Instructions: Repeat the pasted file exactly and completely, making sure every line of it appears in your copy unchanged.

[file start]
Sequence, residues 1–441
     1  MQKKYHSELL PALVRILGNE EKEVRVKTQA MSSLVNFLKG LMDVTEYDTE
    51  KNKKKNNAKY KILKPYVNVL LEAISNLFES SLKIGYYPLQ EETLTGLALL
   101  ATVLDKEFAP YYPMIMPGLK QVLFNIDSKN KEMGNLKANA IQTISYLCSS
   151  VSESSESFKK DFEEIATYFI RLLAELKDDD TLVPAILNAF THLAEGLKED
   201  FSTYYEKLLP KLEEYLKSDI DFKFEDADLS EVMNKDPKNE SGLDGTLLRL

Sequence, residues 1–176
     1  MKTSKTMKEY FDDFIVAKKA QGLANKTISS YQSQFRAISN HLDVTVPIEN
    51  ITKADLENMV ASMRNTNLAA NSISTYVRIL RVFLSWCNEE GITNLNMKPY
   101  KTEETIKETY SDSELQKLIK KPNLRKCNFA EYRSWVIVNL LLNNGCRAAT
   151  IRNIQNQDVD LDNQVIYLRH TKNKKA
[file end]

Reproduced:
Sequence, residues 1–441
     1  MQKKYHSELL PALVRILGNE EKEVRVKTQA MSSLVNFLKG LMDVTEYDTE
    51  KNKKKNNAKY KILKPYVNVL LEAISNLFES SLKIGYYPLQ EETLTGLALL
   101  ATVLDKEFAP YYPMIMPGLK QVLFNIDSKN KEMGNLKANA IQTISYLCSS
   151  VSESSESFKK DFEEIATYFI RLLAELKDDD TLVPAILNAF THLAEGLKED
   201  FSTYYEKLLP KLEEYLKSDI DFKFEDADLS EVMNKDPKNE SGLDGTLLRL

Sequence, residues 1–176
     1  MKTSKTMKEY FDDFIVAKKA QGLANKTISS YQSQFRAISN HLDVTVPIEN
    51  ITKADLENMV ASMRNTNLAA NSISTYVRIL RVFLSWCNEE GITNLNMKPY
   101  KTEETIKETY SDSELQKLIK KPNLRKCNFA EYRSWVIVNL LLNNGCRAAT
   151  IRNIQNQDVD LDNQVIYLRH TKNKKA